The message coming from the New York Mets clubhouse after Wednesday’s loss to the St. Louis Cardinals was clear: Mess around and find out.
After their batters were hit 19 times in 20 games — including four in the series in St. Louis — the Mets finally said enough was enough and took business into their own hands. Reliever Yoan Lopez buzzing a fastball up and in at Cardinals star third baseman Nolan Arenado (the pitch did not come all that close to actually hitting him).
Arenado proceeded to throw a temper tantrum that the Mets had the audacity to throw near him just moments after New York third baseman JD Davis was injured by a fastball that hit his foot. This one day after three Mets batters were hit on a Tuesday night that featured Pete Alonso getting hit in the head for the second time this season.
Gesticulating wildly toward Lopez and the Mets dugout while shoving catcher Tomas Nido, the benches cleared where Alonso unexplainable was surrounded by Cardinals, pulled down by reliever Genesis Cabrera, and tackled by their first-base coach, Stubby Clapp.
“I thought that was kind of cheap, going from behind,” Alonso said. “If you want to hold me back, if you want to restrain me, go at me like a man.
“I’m a big, strong guy. They don’t know my temper. They don’t know what I can do. If I wanted to put someone in the hospital, I easily could. I was just out there trying to protect my guys.”
Meanwhile, Cardinals manager Ollie Marmol was hit with momentary amnesia as he simply forgot about Alonso getting hit in the head just the night before — and showed just how tone-deaf the Cardinals were on Wednesday afternoon.
“When you come up top like that and jeopardize someone’s career and life, I take exception to that,” he said, failing to mention his pitchers beaning the Mets slugger and injuring Davis.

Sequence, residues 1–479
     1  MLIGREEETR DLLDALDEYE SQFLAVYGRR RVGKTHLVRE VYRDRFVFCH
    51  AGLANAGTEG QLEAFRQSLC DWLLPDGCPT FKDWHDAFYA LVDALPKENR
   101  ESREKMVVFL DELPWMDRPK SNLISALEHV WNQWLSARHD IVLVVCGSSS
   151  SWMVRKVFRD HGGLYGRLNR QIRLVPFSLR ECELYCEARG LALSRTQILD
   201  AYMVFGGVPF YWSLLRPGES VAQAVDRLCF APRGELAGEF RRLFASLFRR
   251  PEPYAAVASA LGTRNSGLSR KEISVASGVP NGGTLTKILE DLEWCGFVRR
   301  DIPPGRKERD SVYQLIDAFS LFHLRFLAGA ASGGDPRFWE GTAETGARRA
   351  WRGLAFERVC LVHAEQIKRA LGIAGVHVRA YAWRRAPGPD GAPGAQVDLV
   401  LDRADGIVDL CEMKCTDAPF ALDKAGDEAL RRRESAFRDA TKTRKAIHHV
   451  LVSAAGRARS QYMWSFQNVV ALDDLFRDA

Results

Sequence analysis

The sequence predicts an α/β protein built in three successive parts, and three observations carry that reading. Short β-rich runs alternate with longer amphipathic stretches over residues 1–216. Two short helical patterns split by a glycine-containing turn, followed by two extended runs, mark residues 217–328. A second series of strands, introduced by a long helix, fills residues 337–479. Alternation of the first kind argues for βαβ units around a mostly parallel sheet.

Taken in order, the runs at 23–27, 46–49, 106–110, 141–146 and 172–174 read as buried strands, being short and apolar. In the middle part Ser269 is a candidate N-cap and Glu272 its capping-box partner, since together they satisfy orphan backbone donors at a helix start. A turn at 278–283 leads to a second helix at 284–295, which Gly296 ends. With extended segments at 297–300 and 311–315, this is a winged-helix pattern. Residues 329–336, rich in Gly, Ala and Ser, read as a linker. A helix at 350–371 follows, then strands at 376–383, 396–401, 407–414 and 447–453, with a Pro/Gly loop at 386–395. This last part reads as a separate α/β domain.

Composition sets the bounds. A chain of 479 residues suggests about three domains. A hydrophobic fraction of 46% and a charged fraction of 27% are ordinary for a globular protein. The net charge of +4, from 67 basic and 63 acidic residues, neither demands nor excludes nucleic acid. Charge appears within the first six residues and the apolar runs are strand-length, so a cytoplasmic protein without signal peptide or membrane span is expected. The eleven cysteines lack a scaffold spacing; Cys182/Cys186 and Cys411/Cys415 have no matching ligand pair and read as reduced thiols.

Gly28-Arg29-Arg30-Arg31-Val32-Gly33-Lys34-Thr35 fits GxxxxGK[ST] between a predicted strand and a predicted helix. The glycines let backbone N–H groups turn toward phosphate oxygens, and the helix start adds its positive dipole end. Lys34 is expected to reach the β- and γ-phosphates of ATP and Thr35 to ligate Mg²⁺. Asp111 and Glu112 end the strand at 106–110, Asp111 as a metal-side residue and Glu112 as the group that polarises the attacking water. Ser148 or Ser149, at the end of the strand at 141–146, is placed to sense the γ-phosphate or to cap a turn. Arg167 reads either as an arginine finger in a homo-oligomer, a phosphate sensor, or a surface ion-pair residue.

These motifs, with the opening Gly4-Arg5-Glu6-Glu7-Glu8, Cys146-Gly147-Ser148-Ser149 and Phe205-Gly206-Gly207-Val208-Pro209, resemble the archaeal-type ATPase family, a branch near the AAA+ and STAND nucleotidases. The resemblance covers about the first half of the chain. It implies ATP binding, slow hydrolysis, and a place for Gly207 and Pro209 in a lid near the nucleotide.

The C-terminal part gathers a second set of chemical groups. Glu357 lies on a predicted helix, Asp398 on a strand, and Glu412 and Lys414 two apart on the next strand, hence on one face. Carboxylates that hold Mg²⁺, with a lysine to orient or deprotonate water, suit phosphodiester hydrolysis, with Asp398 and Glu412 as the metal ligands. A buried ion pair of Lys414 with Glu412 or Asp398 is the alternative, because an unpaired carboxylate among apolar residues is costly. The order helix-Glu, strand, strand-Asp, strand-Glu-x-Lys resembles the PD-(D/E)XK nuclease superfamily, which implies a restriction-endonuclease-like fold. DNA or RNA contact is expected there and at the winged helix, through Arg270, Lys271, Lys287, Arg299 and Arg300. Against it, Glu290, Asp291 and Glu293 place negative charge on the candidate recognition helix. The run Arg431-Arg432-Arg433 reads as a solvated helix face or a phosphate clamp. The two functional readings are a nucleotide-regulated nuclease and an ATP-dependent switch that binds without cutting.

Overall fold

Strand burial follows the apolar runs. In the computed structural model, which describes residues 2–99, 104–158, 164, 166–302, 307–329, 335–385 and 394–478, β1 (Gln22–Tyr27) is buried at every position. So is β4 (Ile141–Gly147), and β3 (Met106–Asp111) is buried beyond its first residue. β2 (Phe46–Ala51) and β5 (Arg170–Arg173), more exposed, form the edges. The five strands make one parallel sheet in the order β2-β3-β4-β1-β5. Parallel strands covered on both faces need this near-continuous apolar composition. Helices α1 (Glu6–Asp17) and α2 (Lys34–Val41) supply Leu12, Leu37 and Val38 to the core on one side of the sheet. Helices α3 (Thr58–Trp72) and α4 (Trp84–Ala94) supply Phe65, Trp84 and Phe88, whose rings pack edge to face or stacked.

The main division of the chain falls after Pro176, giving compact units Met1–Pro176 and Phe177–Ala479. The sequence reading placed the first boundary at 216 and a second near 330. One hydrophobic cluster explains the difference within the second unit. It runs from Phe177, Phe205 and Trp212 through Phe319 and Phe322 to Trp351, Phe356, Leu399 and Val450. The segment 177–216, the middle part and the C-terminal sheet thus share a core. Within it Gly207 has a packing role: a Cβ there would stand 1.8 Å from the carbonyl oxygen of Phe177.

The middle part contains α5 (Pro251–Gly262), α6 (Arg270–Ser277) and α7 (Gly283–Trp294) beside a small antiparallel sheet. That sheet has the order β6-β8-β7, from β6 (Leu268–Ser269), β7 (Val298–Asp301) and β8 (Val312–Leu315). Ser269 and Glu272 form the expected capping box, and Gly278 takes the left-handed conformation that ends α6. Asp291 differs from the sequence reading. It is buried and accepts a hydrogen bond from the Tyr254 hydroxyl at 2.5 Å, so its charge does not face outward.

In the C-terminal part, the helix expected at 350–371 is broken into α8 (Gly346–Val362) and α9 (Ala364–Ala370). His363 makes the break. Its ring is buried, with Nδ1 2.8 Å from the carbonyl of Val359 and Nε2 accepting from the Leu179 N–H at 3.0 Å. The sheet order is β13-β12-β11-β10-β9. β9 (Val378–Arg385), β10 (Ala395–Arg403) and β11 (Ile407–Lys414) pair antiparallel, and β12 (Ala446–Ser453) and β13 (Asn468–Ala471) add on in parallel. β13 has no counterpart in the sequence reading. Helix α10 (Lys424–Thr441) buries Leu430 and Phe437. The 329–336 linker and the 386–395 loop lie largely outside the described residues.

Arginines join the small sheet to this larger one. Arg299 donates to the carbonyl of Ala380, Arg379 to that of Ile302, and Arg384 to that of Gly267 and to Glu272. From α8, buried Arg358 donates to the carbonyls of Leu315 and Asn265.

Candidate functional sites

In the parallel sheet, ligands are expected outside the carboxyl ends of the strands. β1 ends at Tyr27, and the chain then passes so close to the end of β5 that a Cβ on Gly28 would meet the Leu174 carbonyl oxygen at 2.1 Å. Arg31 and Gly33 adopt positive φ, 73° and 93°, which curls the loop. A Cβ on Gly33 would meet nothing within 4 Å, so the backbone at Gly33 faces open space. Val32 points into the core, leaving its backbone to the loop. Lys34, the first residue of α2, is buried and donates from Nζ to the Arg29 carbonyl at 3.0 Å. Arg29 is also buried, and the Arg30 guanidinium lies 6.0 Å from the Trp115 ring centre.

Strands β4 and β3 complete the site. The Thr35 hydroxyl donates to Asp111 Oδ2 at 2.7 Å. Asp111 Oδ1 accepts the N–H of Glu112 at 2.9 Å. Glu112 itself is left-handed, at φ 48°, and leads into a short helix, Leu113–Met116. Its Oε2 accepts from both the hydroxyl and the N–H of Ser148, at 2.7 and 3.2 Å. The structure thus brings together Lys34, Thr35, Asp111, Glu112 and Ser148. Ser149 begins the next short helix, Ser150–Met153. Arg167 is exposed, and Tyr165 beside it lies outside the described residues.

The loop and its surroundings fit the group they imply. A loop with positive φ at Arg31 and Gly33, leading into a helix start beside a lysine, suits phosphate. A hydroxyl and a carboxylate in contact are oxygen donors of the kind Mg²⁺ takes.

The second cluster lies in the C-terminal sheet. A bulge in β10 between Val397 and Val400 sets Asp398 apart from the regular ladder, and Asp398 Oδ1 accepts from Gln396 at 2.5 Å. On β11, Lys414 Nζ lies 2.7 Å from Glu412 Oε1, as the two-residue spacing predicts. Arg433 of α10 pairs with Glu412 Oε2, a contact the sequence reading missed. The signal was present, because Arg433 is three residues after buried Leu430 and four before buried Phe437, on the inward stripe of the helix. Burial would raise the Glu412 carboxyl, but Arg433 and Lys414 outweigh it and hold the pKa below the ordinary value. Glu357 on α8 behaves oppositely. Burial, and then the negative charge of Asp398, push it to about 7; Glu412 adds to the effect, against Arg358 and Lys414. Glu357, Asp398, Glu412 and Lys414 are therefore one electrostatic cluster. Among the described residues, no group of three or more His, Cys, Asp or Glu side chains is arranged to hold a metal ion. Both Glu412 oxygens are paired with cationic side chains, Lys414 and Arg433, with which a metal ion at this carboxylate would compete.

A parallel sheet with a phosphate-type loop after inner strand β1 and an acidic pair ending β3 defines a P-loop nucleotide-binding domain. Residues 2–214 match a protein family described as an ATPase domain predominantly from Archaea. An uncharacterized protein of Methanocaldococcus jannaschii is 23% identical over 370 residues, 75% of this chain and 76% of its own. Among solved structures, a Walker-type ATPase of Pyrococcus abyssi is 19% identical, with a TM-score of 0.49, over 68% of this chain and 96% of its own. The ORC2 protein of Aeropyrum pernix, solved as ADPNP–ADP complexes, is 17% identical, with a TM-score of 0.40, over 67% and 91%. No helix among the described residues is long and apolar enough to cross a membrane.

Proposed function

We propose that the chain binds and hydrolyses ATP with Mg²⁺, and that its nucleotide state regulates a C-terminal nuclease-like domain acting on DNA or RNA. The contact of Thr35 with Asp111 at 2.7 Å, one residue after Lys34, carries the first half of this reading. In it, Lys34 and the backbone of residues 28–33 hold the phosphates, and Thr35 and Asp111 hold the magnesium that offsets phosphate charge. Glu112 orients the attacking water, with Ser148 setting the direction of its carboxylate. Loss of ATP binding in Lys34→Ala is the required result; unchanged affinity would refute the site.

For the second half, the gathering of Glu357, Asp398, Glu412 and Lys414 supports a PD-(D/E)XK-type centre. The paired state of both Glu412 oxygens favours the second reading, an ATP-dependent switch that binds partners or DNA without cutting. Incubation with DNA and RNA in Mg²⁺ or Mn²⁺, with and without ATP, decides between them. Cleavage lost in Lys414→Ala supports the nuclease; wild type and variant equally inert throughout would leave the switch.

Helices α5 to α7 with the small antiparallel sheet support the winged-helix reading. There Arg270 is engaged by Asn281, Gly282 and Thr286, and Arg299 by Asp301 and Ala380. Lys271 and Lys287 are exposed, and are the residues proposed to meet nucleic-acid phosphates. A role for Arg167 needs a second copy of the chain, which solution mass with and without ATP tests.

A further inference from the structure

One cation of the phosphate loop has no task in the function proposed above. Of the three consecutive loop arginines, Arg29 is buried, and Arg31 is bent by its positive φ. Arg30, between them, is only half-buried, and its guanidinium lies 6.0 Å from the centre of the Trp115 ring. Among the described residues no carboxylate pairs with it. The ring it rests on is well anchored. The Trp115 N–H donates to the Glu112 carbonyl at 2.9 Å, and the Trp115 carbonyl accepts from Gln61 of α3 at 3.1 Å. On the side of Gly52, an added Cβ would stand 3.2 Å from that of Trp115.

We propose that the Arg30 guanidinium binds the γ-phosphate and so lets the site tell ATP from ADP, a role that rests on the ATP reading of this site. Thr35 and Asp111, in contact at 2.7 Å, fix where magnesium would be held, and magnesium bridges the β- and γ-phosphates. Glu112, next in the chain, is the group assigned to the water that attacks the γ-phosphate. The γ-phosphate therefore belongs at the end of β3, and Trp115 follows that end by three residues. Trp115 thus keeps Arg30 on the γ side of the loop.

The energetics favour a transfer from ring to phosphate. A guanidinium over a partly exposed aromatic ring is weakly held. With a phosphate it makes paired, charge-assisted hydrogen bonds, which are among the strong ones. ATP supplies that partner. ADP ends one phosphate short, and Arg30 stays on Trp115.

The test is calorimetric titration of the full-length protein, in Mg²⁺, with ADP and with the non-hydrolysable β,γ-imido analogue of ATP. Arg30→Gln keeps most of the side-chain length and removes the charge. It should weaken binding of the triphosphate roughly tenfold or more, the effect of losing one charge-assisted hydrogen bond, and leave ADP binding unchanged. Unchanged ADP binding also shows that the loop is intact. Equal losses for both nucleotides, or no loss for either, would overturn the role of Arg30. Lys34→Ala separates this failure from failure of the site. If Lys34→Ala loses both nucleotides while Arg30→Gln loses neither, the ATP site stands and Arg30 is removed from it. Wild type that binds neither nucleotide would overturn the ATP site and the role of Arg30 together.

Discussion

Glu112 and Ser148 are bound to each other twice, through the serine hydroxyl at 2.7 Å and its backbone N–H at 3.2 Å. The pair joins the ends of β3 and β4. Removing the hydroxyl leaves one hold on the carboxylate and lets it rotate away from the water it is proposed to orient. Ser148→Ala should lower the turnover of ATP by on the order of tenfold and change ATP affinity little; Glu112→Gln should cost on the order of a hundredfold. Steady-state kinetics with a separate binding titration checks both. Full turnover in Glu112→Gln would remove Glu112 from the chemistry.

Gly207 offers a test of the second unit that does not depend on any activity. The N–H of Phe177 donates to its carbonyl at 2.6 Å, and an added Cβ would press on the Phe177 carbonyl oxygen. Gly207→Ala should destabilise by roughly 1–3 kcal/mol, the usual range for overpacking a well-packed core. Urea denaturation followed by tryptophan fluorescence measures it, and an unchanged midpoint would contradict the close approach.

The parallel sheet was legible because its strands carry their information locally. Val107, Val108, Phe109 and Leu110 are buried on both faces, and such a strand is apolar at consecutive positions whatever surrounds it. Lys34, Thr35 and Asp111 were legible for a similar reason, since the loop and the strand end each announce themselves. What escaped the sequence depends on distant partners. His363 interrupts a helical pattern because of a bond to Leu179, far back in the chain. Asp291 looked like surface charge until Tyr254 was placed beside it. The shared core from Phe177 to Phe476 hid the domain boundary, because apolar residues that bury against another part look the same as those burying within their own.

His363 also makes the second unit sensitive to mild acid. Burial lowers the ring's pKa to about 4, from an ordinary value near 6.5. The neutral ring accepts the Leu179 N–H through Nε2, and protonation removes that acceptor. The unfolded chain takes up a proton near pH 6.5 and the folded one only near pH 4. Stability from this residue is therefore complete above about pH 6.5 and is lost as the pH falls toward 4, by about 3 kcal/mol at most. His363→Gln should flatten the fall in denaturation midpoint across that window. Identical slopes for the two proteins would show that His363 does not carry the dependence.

New York’s 19 hit batters are six more than the second-place Baltimore Orioles and more than double the current league average of eight. And while some will try to explain that it wasn’t always the opposition’s intent to hit a Mets batter, such an excuse has lost any validity.
“We don’t take getting hit in the head. Whether it’s on purpose or on accident, guys are still getting hit in the head, it doesn’t matter,” Alonso said (h/t SNY). “Like if someone T-bones you, right? ‘Oh, it was an accident.’ You still flipped someone’s car over, right? So, it doesn’t matter where the intent is, the fact of the matter is that it’s still happening.”
While Buck Showalter admitted on Wednesday that he and general manager Billy Eppler had a conversation with Major League Baseball about the issue, his team’s actions indicated that they aren’t going to wait around any longer for help.
That doesn’t mean that they should start whizzing fastballs at opposing batters, but if the problems continue, shades of the mid-1980s teams that made brawling commonplace might just resurface.
And MLB surely doesn’t want that.
The Mets likely will have their calendars circled for when the Cardinals are in town, visiting Citi Field for a four-game series from May 16-19. But first, the Philadelphia Phillies are in Queens this weekend after having hit five Mets in their season-opening series from April 11-13 in Philly.